The importance of good Metadata for music discovery and payment

Metadata is the digital information attached to music. So if you want to make music more discoverable with just a few steps, this guide is for you…

by Chris Robley of Reverbnation Blog

Let’s talk about something super exciting… metadata. 💤💤💤

Wait, come back!

I promise it’s not as dull as it sounds. 😜

In fact, metadata can be the secret ingredient in your music’s success. 

Especially when that success depends upon streaming platforms recommending your track to the right new listeners. 

So, let’s dive into the importance of metadata for independent musicians.

What is music metadata?

Metadata sounds complicated. But it’s just information about your music. 

Much of this information is hidden behind the listening experience. That’s why metadata often gets compared to the backstage crew at a concert. It’s out of the spotlight, but essential. 

Metadata works quietly in the background to make sure your music is searchable, recommendable, trackable, and profitable.

How? Well, metadata is meant to create an accurate picture of your music: What does this track sound like? Who will love it? Where should we recommended it? Who owns the music? Who should we paid for activity? 

All these questions and more are answered, in part, by metadata.

Who provides metadata?

You do! 

That’s at least true if we define metadata strictly as the information bundled with your audio files when your music is distributed. YOU will provide that info — things like song title, album name, and genre — during the submission process for distribution.

However, other important details about your music can be submitted later via dashboards such as Spotify for Artists. For instance, when you pitch an upcoming track to Spotify, you can give additional context: mood, instrumentation, sounds-like artists, etc. 

In addition, still more information can be added by your distributor, editorial teams, or the streaming platforms themselves. This extra info helps them identify tracks within their catalog for a particular usage or placement.

Both human curation and audio-analysis tools can be used to detect musical characteristics such as BPMs, key, feeling, etc. 

Specific types of metadata

Common examples of music metadata include:

  1. Track title: The name of the song!
  2. Version: Denotes if the track is a remix, remaster, acoustic take, demo, live recording, etc.
  3. Artist name: The name of the primary artist or band performing the track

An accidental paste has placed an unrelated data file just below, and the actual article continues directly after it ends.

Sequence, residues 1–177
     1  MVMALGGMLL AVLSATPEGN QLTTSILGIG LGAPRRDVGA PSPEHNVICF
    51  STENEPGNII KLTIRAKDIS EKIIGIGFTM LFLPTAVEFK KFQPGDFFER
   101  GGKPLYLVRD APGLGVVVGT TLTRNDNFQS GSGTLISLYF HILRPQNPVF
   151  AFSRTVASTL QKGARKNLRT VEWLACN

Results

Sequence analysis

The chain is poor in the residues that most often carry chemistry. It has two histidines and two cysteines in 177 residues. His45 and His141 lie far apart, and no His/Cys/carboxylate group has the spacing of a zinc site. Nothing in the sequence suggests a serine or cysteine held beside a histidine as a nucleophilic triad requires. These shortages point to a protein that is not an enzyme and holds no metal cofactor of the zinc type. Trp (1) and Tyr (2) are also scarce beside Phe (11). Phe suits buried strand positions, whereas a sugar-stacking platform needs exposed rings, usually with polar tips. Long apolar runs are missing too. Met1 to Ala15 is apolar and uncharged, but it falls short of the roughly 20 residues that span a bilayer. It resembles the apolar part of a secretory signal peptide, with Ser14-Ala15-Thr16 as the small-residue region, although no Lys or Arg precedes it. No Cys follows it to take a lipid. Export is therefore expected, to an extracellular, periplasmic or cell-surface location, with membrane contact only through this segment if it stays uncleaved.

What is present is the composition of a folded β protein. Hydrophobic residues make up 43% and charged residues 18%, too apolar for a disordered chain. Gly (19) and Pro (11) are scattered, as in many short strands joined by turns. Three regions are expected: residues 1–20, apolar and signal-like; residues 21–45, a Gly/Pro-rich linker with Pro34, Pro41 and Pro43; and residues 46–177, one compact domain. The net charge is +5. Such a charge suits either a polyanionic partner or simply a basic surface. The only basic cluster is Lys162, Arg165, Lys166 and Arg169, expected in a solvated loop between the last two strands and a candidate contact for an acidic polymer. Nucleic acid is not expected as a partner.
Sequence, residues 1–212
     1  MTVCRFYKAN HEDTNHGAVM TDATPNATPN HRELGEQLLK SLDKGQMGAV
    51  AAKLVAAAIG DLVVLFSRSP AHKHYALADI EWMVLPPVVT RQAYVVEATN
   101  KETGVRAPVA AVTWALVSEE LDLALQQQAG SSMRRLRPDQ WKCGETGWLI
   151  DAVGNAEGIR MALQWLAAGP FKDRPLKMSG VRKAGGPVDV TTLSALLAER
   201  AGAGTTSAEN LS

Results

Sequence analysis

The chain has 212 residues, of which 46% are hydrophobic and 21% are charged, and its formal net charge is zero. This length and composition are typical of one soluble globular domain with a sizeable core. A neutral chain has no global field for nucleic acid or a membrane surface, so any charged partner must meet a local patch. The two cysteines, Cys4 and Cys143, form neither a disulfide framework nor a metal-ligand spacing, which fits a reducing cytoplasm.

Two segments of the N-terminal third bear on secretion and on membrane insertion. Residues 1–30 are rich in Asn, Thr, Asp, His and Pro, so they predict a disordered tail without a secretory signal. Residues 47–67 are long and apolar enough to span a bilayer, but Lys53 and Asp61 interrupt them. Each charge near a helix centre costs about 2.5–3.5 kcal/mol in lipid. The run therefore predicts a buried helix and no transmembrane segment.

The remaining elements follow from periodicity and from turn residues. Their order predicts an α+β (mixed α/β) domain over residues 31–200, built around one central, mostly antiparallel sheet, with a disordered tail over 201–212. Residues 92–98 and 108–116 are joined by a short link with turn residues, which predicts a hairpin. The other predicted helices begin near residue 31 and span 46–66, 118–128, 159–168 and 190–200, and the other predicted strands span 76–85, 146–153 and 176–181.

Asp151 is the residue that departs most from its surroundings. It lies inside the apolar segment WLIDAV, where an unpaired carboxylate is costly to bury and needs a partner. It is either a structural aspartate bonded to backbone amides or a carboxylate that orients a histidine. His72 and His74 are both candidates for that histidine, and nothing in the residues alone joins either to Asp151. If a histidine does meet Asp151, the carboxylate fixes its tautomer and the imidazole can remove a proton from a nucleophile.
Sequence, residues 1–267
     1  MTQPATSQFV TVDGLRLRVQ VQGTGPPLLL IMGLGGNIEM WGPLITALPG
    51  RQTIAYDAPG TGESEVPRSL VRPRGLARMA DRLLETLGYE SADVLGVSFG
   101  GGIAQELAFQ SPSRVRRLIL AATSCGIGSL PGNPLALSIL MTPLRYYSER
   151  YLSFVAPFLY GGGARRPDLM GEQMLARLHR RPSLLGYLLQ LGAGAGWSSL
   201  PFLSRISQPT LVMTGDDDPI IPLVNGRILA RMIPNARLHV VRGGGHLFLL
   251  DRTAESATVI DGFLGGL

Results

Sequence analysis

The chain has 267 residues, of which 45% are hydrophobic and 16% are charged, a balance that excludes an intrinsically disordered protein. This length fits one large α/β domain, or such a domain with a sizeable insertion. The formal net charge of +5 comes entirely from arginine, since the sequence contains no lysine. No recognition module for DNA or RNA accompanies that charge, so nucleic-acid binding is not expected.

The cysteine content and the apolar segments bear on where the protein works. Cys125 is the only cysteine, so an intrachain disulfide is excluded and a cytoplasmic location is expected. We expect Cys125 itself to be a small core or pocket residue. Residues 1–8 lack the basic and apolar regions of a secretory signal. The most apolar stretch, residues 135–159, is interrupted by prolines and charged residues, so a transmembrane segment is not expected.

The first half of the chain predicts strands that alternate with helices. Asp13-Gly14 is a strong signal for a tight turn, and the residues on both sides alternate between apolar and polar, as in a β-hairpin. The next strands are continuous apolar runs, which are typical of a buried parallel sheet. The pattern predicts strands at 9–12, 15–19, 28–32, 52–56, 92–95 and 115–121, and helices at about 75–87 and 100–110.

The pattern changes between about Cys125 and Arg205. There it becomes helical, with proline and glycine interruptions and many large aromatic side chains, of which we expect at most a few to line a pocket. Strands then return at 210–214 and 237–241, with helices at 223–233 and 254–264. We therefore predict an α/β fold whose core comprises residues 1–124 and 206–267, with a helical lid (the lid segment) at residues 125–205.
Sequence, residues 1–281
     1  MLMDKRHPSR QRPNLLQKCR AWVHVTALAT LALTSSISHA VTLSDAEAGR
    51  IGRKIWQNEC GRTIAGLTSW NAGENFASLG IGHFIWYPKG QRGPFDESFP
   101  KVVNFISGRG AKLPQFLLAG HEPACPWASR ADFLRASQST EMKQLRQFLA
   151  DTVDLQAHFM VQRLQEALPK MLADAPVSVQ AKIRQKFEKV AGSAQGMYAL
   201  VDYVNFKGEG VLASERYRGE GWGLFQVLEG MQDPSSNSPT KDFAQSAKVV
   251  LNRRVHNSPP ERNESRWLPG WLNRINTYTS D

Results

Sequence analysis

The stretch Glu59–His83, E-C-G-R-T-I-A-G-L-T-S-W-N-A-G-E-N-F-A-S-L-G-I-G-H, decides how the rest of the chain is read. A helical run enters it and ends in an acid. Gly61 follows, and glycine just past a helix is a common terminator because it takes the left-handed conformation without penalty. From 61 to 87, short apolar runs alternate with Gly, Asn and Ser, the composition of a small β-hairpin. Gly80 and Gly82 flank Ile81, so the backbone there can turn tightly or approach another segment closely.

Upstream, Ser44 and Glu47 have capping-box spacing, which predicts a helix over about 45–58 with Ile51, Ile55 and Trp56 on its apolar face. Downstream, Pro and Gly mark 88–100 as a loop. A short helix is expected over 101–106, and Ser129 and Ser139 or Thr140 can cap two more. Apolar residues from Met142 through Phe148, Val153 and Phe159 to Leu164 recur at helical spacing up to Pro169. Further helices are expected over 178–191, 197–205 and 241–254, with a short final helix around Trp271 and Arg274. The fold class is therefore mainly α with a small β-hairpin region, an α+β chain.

4. Producer: The person who produced the recording (obvs)
  5. Featured artists: Additional notable musicians or vocalists who are featured guests on the track
  6. Other collaborators: Arranger, conductor, remixer, etc.
  7. Album title: The name of the album (some of these are pretty self-explanatory, huh?)
  8. Genre: The category or style in which your music should be placed, which helps set listener expectations
  9. Release date: The date when the track or album is officially available to the public
  10. Composer: The person(s) who wrote the music
  11. Lyricist: The person(s) who wrote the words
  12. Copyright: Details regarding the ownership of the music
  13. ISRC: International Standard Recording Codes are unique identifiers assigned to each track, which helps in reporting and royalty distribution
  14. UPC: Universal Product Codes are used to identify music releases 
  15. Language: The primary language used in the lyrics
  16. Explicit content: Indicates if the track contains naughty words, mature themes, or even… immature themes ; )
  17. Mood: Descriptive terms that convey the mood or emotional tone of the music

Again, you’ll be prompted by your distributor to provide most of this information whenever you release new music. 

Accurate metadata makes music searchable

Have you ever searched for a song and ended up with a bunch of random results? 

Well, you can blame the artist or label for providing incomplete or inaccurate metadata. Ain’t that nice of them?

You, the consumer, are frustrated. Now multiply that by every listener who’s ever searched for the same music. Oh, the poor artist!

Complete and accurate metadata means your music will appear as a relevant search result on streaming platforms, YouTube, Google, and so forth.

In a world of almost endless digital music, you need to be — at the very least — FINDABLE!